After Le Mans, the car had its appearance changed to that of a road car and was used in testing for the media (although they didn’t know they were testing a lightweight racing special all gussied up to look like a road car). Later, it was used to test new braking systems for future Healey models and it was also used as a personal car by the Healey family. The first private owner acquired the car in 1962.

It passed through many owners before it was restored in the mid-1990s in Australia. That restoration was “refreshed” in 2009 and was painted to look like it did at Le Mans in 1953 – and it’s a wonderful color. This is the only Special Test Car that looks anything like it did in 1953 – it has almost all of its original bodywork and parts. It has never been molested, wrecked or altered. It is super rare and very important in the world of Healeys and it should command it in price with an estimate between $780,000-$1,100,000. Click here for more info and here for the rest of Bonhams’ Goodwood sale lineup.

Update: Sold $1,186,763.

Austin-Healey Le Mans Prototype

1966 Austin-Healey Le Mans Prototype

Offered by Coys | Ascot, U.K. | April 27, 2013

1966 Austin-Healey Le Mans Prototype

Donald Healey remained involved with Austin-Healey until 1968 while the company continued to produce cars until 1972. In 1965, Mr. Healey wanted to go racing at Le Mans, so he envisioned, designed and constructed this Prototype race car to do just that.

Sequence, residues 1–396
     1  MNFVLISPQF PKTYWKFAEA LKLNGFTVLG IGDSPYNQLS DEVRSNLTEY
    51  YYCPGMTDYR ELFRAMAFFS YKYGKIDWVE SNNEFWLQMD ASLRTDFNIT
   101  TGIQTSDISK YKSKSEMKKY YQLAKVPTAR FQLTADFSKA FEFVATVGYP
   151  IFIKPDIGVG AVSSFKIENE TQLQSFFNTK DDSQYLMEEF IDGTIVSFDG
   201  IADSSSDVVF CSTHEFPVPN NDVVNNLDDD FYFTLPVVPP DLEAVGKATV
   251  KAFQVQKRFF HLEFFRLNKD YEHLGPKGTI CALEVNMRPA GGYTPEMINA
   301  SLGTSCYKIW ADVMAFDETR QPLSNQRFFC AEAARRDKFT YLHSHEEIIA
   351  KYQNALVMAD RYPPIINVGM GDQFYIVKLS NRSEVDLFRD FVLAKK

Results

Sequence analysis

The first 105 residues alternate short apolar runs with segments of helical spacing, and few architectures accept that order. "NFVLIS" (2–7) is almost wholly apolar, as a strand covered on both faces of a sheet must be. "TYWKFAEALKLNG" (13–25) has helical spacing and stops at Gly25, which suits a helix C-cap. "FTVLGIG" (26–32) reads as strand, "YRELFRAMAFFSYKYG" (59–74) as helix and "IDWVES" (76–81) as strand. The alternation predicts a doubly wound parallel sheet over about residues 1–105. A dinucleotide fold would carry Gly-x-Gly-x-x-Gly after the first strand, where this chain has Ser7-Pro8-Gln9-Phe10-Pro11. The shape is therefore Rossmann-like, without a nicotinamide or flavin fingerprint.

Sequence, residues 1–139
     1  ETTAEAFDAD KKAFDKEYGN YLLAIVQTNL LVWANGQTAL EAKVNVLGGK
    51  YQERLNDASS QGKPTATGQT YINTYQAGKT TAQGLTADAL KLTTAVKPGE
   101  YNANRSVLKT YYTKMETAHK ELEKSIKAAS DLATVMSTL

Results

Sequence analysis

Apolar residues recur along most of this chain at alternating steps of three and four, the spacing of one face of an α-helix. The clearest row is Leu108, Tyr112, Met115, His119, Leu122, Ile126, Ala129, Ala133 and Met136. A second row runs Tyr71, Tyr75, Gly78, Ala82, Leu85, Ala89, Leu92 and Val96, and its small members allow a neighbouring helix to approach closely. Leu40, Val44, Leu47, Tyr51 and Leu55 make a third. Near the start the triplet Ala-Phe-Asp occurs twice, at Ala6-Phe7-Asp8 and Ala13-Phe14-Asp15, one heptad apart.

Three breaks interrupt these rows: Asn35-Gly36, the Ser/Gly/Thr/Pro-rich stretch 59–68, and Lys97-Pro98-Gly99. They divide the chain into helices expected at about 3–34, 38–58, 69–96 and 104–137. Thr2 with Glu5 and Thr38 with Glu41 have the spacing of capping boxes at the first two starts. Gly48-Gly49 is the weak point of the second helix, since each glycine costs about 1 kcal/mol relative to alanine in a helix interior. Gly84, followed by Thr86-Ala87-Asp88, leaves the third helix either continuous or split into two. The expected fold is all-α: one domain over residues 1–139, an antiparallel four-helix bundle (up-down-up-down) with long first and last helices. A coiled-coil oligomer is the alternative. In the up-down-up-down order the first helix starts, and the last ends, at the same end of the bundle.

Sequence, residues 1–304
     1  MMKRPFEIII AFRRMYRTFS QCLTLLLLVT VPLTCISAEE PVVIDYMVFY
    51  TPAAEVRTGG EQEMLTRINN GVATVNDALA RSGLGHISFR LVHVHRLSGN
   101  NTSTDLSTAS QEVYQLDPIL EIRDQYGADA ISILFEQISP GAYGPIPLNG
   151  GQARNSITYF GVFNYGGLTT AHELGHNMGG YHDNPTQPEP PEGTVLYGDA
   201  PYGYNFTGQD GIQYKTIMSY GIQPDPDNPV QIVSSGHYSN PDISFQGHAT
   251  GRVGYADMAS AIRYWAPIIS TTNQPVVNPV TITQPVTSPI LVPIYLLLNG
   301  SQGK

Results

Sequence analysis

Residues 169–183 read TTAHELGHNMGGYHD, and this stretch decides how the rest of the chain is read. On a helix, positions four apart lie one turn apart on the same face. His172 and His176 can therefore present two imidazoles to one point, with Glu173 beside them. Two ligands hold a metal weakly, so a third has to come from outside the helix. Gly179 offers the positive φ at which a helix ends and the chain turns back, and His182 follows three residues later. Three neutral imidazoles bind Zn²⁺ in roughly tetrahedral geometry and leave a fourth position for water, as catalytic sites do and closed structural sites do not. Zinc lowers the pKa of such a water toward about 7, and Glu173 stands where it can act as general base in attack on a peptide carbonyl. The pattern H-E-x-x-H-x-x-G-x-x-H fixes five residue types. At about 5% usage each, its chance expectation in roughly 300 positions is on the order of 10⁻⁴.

The car doesn’t really resemble other Healeys although it was based upon the Austin-Healey Sprite (or so says the Le Mans results from the year in which Healey took on the famous 24 Hours with a two car effort). The engine is a 1.3-liter straight-four from the BMC parts bin that has been tuned for all-out performance and puts out 140 horsepower.

Its race history includes:

  • 1966 12 Hours of Sebring – 18th overall, 1st in class (with Paul Hawkins and Timo Makinen)
  • 1966 24 Hours of Le Mans – 18th, DNF (with Paddy Hopkirk and Andrew Hedges)
  • 1970 24 Hours of Daytona – 34th, DNF (with Williams Harris and Robert Lewis)

During it’s post-competition life, the car has been restored and re-painted in its 1966 Sebring color: DayGlo orange. It has also been brought up to current FIA specification as to make itself eligible for historic racing events. This is one of two such models built and it is expected to bring between $300,000-$335,000. Click here for more info and here for more from Coys at Ascot Racecourse.

Gulf GT40

1968 Ford GT40 Gulf/Mirage Lightweight

Offered by RM Auctions | Monterey California | August 17, 2012

The genesis of the Ford GT40 is a well-known story. Henry Ford II wanted Ferrari. Enzo said no. Ford set out to destroy them on the track – and succeeded brilliantly. The Gulf-Mirage story isn’t quite as popular, but it’s just as interesting.

While the GT40 was conceived and designed in Dearborn, it was built in England by Ford Advanced Vehicles (FAV). After the 1967 season, Ford cancelled the project, effectively ending FAV. A number of road-going models (as well as race cars) had already been produced.

The head of FAV was John Wyer, a former race engineer and team manager. He was actually the team owner of the winning 1959 24 Hours of Le Mans team – when Carroll Shelby, head of the GT40 race team, was driving. Anyway, when FAV was scuttled, Wyer stepped up and reformed it as John Wyer Automotive Engineering (JWAE).